Accepted position with National Bureau of Standards; wanted to do basic research. Recruited by Wallace Brode for experience with dyes and for fluency in German. Correlating dye structures with spectra. Cary Model 11. John Gould. Twenty total publications at Bureau; several on cis-trans isomerization; some about azo compounds. Old guard vs. new methods. Met future wife. Left Bureau after four years.

Working for the U. S. Army
62

Natick, Massachusetts, facility not yet ready, so spent six months at Quartermaster Depot in Philadelphia, Pennsylvania. Army spent much money on instruments, labs at Natick. Fluorescence attachment for Cary spectrometer. Taught himself fluorescence from Theodor Förster's book. Isomerization of dyes for Army. Moved to Army Research Office (ARO) in Frankfurt, Germany, for four years. Daughter's birth. Identified and set up networks of contacts for Army's research; Brode's helpful list. Arne Tiselius. Differences among European research offices of military branches. Travelling in Eastern Europe in Cold War atmosphere.

Back in the United States
77

ARO job in Durham, North Carolina and part-time research at University of North Carolina. David Whitten and photochemistry; twenty publications. Sabbatical at Max Planck Institute for Biophysical Chemistry; three publications. Composition of ARO office in Durham. Liked dealing with people, bringing them together, interacting with chemists. ARO's function to transmit relevant research from academia to various ARO labs. National Science Foundation now main supporting agency of research. Initiating series of International Conference on Photochemistry in 1962; Rajanarayanan Srinivasan following in 1967.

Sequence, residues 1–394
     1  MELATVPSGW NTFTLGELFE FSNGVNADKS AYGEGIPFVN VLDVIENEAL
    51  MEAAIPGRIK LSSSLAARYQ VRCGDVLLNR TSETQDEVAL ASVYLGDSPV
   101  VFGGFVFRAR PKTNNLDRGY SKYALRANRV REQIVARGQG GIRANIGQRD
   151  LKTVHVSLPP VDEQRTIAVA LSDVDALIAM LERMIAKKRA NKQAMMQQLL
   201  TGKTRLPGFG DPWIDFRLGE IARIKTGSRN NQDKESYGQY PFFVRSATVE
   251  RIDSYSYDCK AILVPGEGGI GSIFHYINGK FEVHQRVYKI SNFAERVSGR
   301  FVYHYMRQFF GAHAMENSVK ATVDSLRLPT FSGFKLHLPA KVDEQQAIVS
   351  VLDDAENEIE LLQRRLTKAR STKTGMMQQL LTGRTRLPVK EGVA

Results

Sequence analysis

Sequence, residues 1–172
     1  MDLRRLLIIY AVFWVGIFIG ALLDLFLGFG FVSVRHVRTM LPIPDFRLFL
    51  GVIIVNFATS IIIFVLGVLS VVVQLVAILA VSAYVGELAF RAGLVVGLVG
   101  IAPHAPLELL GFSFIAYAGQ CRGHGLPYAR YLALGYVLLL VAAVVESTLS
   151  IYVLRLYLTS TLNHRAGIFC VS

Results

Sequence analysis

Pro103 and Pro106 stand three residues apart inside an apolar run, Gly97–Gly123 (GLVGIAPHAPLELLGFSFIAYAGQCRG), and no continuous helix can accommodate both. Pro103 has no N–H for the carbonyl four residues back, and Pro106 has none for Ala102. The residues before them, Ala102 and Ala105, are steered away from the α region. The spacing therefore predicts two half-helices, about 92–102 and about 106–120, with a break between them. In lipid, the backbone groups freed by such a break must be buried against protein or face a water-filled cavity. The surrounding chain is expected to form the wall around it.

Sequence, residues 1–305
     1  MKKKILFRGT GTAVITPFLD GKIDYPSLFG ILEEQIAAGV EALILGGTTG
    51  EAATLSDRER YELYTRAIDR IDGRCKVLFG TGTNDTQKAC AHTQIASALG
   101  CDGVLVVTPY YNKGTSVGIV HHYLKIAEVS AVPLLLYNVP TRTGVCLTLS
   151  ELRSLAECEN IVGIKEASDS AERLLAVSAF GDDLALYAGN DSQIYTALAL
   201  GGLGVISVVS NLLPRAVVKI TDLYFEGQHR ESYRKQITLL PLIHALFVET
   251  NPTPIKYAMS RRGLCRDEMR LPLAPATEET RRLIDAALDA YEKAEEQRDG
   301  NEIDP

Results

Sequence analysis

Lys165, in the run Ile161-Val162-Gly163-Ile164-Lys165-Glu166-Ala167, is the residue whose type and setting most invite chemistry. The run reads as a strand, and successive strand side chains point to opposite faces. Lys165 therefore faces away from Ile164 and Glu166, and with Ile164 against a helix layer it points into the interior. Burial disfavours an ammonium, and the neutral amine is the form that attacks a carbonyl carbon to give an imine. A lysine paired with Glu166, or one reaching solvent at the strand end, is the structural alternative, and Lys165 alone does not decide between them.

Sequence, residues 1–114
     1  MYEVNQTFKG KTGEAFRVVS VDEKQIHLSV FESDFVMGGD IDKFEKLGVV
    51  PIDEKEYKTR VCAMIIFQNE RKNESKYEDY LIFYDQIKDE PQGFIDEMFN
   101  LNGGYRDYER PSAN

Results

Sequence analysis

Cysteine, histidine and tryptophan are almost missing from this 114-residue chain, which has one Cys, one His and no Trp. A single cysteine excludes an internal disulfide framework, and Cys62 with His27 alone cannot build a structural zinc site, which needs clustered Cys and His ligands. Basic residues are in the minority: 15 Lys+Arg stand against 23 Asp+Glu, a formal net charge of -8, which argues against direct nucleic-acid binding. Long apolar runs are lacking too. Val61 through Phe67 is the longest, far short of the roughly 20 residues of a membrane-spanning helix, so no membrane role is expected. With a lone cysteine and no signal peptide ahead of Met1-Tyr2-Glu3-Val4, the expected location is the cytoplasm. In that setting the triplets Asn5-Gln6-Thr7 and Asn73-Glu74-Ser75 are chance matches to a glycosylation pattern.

London, England, and Back Again
84

Six years of travelling in Western Europe. Less money available for research. Same function, organizational structure, but with addition of computers. Back to Durham, with addition of biological sciences to chemistry. Retired after year and half.

Consulting
94

Ten years; helped universities and chemists find research money. Liked the interaction; could maintain his contacts; maintained contact with developments in chemistry. George Palladino at University of Pennsylvania. Skiing in Utah. Family crisis ended his career. George Hammond and photochemistry. Taking up pipe smoking.

Appendix
98

Six years of travelling in Western Europe. Less money available for research. Same function, organizational structure, but with addition of computers. Back to Durham, with addition of biological sciences to chemistry. Retired after year and half.

Index
99

Six years of travelling in Western Europe. Less money available for research. Same function, organizational structure, but with addition of computers. Back to Durham, with addition of biological sciences to chemistry. Retired after year and half.

About the Interviewer

David J. Caruso

David J. Caruso earned a BA in the history of science, medicine, and technology from Johns Hopkins University in 2001 and a PhD in science and technology studies from Cornell University in 2008. Caruso is the director of the Center for Oral History at the Science History Institute, president of Oral History in the Mid-Atlantic Region, and editor for the Oral History Review. In addition to overseeing all oral history research at the Science History Institute, he also holds an annual training institute that focuses on conducting interviews with scientists and engineers, he consults on various oral history projects, like at the San Diego Technology Archives, and is adjunct faculty at the University of Pennsylvania, teaching courses on the history of military medicine and technology and on oral history.  His current research interests are the discipline formation of biomedical science in 20th-century America and the organizational structures that have contributed to such formation.